6 Tips on How to Crochet on a Budget

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You don’t need me to tell you that crocheting has exploded in recent years. It doesn’t have to be yet another expensive hobby. You really can crochet on a budget! 

Gone are the days that you would only see your grandma or great aunt crocheting afghans for everyone. Now this hobby has captured the attention of our younger generations and is a hot trend in fashion. But yarn can be expensive, especially if one project requires 2 to 3 (or more) skeins of it to finish. Not to mention the additional tools you need for your finishing touches and any books that you think you’ll need to get going.

Trust me, I get it… starting this hobby may not be cheap. Unless you were lucky enough to inherit all of great-aunt Ethel’s never-ending supply of yarn and crochet supplies. But lucky for us, there are some easy ways to accumulate what you need at a low cost.

Crocheting on a budget can be fun if you know the right places to look.

I have compiled a list of 6 creative ways to find your crocheting supplies without breaking the bank. Because let’s be honest, unless you are planning to get into crocheting to be able to sell everything you make (and actually sell those items right away),  chances are your finished projects will be made for you or friends and family as gifts; so why spend a ridiculous amount of money when you don’t have to? Oh, and I should mention that you won’t be compromising price for quality either. I assure you that you will score on some pretty amazing findings using these tips.

  1. Thrift stores

If you are already a thrifter, then you probably know that there is no shortage in the yarn section. People are constantly donating their yarn that most likely hasn’t been used or touched in years. I have gone to some stores where there are huge bins of yarn for less than $5 a piece.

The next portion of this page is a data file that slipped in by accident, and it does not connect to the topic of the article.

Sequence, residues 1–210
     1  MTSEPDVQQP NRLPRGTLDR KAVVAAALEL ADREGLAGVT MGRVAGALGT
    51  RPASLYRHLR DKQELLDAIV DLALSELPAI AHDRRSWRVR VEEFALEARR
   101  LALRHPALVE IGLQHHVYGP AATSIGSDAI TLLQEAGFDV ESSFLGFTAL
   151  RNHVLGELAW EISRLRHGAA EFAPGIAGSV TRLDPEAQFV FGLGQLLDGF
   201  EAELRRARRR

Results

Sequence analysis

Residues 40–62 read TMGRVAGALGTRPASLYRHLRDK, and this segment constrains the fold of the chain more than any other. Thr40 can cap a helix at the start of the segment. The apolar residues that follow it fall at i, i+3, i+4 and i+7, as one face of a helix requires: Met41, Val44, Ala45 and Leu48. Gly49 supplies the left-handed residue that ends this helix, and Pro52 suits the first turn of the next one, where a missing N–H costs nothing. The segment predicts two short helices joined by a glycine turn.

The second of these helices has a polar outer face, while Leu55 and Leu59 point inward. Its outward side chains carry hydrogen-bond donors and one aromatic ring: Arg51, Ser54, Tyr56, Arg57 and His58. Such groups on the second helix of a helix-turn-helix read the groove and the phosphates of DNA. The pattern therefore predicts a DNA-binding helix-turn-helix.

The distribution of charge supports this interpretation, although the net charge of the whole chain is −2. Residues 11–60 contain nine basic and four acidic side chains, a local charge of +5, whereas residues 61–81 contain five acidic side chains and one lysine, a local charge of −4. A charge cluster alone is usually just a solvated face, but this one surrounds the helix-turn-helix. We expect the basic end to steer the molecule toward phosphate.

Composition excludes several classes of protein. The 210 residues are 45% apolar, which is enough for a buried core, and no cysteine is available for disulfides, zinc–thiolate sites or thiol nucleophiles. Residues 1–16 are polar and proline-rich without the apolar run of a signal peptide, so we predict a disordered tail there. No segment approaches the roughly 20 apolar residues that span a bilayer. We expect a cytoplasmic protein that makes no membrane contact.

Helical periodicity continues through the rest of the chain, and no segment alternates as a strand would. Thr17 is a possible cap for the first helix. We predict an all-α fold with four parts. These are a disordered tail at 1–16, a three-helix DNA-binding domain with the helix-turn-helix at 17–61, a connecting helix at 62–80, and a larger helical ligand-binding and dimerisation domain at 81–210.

It won’t happen every time, but you might even come across some very elegant and typically high-priced new yarn at a super discounted price. I recently bought a bag of yarn for $2.99 with about 5 skeins in it that had a brand new skein of alpaca wool yarn! 

If on the rare occasion, your thrift store doesn’t have any yarn, try looking at the sweater section. If you happen to see a knit sweater that is of larger type yarn, you can unravel it and re-purpose that yarn for your project! 

So, if you haven’t already, be sure to check out your local thrift stores for yarn and you might even be able to find some crochet hooks and some good “How-To” books while you’re at it.

 2. Crochet Groups

There can be many potential benefits to joining a crochet group. One in particular is networking. I mean this not so much in a professional sense, but for resources and tips of the trade. You might find yourself learning some great techniques to help you get better and there probably will be opportunities where members will give away certain things like extra crochet hooks, yarn, etc. It’s one of those things that you get way more out of than you might have thought.

 3. Be Resourceful

What I mean by this is that there are some things that stores want you to think that you need but really, you most likely already have something in your home to get the job done. For example, there are patterns that require stitch markers. Yes, you certainly can go to the craft store and buy those fancy stitch markers but this is unnecessary! There are many different items that I bet you already have that can serve the exact same purpose and they include: